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Boston Mayor Watches As Her Vaccine Mandate Ruins Restaurants

restaurant front in Boston
Image Credit6SN7 / Flickr

The Boston Globe seems convinced that stimulus and philanthropy will save city restaurants. A better idea would be to end the vaccine mandate.

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Having lived in Boston since the mid-2000s, I can attest that February is a hard month for business. Many people have finished buying presents and dining out once New Year’s passes and winter clamps down in earnest. Little inclines them to do so again for the first quarter of the year save Valentine’s Day.

I’ve seen enough businesses close in February in this town to know that if one is still open in March, it’s likely to stay open at least until Christmas. So the vaccine mandates implemented by our newly elected mayor, Michelle Wu, are not just medically dubious and morally untenable, they are an act of cruelty.

Unions representing Boston police and firefighters just won a ruling in a Massachusetts court that blocks the mayor’s orders requiring all city workers to be vaccinated against Covid-19. The teacher’s union has spoken out against the requirements as well, noting that they disproportionately affect educators of color. (The chief proponent of the idea that such outcomes are de facto evidence of racism, Ibram X. Kendi, occupies a prestigious sinecure at Boston University. He would side with the unions if he were a scholar of any integrity, and not our era’s foremost mountebank.)

But no organization is taking Wu to court on behalf of the restaurants. The hardest quarter of their year is now even harder thanks to an indifferent, ideology-driven mayor. She, like many progressive mayors, is doubling down on mandates for which there is not a scintilla of evidence that they produce better public health outcomes. Her diktats, branded “B Together” in what must be the sweetest coating of rhetorical sugar ever applied to unchecked executive power, require restaurants to demand proof of Covid-19 vaccination of patrons in order to dine in.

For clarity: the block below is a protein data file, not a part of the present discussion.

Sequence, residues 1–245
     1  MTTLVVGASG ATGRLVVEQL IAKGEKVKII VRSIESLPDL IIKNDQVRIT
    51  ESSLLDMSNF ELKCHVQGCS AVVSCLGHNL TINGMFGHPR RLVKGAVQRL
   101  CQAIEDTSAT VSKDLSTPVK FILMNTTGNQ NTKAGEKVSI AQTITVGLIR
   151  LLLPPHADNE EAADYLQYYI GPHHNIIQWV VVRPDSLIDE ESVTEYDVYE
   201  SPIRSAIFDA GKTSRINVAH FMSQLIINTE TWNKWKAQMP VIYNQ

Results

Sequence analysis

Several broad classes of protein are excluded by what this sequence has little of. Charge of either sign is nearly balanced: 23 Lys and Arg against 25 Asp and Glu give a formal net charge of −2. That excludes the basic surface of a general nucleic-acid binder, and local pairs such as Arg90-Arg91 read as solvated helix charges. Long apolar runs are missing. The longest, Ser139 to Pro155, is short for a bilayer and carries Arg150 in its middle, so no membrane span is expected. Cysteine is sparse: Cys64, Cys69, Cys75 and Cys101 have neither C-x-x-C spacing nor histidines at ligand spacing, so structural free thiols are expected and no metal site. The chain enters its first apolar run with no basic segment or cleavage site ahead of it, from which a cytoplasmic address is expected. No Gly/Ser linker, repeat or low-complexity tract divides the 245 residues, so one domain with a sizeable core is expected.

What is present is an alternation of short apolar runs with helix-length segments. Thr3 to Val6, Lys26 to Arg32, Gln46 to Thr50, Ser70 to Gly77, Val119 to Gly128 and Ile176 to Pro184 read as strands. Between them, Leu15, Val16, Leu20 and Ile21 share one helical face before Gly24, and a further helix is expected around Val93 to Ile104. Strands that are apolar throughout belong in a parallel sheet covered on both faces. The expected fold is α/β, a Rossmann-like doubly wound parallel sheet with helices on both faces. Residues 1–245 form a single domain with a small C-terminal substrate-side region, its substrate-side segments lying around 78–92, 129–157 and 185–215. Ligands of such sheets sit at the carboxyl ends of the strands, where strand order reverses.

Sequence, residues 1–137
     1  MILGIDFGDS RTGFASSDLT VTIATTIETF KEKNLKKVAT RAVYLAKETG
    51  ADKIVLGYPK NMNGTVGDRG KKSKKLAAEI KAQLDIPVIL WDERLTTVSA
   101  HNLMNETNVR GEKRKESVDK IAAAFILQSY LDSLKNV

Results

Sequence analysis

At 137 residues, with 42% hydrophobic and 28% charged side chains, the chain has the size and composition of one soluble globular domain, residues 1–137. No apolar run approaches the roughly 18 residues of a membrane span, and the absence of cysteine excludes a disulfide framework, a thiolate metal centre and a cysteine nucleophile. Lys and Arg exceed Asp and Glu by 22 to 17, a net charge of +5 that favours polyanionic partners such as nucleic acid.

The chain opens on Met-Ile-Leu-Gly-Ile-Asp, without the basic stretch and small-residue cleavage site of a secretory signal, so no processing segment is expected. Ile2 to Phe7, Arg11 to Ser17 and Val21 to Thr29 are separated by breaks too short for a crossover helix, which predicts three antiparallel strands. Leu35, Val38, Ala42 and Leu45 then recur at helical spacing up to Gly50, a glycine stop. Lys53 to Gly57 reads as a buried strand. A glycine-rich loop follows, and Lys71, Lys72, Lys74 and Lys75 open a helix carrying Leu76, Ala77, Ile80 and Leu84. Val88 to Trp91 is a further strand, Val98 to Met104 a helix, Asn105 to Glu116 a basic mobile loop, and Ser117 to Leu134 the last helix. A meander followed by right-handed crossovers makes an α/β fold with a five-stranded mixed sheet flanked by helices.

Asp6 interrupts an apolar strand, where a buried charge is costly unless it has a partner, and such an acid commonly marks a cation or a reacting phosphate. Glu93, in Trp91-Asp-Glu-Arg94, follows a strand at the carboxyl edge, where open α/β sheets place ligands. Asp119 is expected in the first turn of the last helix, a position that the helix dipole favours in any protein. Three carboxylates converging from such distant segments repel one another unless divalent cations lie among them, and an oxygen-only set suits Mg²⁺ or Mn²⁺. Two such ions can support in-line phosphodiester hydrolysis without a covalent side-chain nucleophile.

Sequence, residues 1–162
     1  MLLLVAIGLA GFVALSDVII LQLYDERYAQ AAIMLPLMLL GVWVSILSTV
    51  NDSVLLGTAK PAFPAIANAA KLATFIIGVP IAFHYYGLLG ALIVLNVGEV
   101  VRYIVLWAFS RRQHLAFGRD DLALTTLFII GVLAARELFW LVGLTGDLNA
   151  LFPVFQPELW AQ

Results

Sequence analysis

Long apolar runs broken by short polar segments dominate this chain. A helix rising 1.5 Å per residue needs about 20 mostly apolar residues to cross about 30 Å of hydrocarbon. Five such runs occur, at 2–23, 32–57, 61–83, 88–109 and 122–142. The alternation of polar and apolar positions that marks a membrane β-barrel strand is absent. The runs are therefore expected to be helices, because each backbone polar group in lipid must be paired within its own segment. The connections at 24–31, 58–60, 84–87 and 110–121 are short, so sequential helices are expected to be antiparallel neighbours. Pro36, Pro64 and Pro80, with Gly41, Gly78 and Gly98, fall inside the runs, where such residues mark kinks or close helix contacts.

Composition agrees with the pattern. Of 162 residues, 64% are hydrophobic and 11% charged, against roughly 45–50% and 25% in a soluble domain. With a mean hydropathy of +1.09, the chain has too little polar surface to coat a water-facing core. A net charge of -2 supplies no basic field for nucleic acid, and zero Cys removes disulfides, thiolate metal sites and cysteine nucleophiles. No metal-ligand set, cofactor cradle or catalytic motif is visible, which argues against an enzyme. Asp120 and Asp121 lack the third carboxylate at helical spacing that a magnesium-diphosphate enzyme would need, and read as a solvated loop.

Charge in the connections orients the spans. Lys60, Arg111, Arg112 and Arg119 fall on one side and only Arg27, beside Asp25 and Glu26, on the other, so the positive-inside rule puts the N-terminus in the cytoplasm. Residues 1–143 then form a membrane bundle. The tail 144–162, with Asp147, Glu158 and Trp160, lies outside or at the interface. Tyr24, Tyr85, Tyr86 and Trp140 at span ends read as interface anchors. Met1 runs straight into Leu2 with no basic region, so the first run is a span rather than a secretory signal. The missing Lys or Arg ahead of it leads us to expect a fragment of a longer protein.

These restrictions are having predictable effects. Nate Silver, analyzing data from the reservation app OpenTable, found that reservations at Boston restaurants are down 48 percent in January compared to the same month in 2019. In neighboring Cambridge, which has not instituted such mandates but where many restaurants are demanding proof of vaccination of their own initiative, reservations are down 75 percent.

The Massachusetts Restaurant Association claims that because of the mandates, local restaurants are now losing $10,000 to $15,000 every week. WHDH of Boston reported last week that Wu “will watch the data and make adjustments” (what kind of adjustments, in response to what data, went unsaid) but would leave the mandates in place.

Be Segregated

Two days before “B Together” – lampooned as “B Segregated” on social media – went into effect, the Boston Globe ran a story titled “‘Mission impossible’: With Boston’s proof-of-vaccination mandate set to begin, businesses worry.” This is the kind of responsible journalism of which the Globe is capable when it’s not carrying water for Democrat leaders.

Reporter Anissa Gardizy spoke with restaurateurs. She found widespread skepticism that the mandates would have any effect on the course of the pandemic, and expressions of concern that they would ruin business. One of them called the mayor’s orders “a nonstarter.” “A family comes in and you have four or five people. If one of them isn’t vaccinated, what do you do, throw them out?”

Responsible journalism about this story ended there. On January 19, the Globe published “We thought we’d be past this by now. We were wrong. Support your local restaurants.” There they announced the revival of their #ProjectTakeout effort, which they ran in January 2021 to encourage Bostonians to patronize beleaguered local dining establishments. “Here we go again,” writes the paper. It continued:

Here we are, still. Omicron arrived on the scene, nipping at Delta’s heels, keeping diners home and causing many restaurants to shutter temporarily due to staff outbreaks. Labor is harder to come by than ever. So are some supplies and ingredients, due to supply-chain issues. The cost of everything is sky-high, cutting further into profit margins already whittled to the bone. More restaurants are on the brink of closing.

And so we ask you once more: Support local, independent restaurants. Commit to ordering takeout once a week, or twice, or however often you can afford, to help get these businesses through the next weeks and months.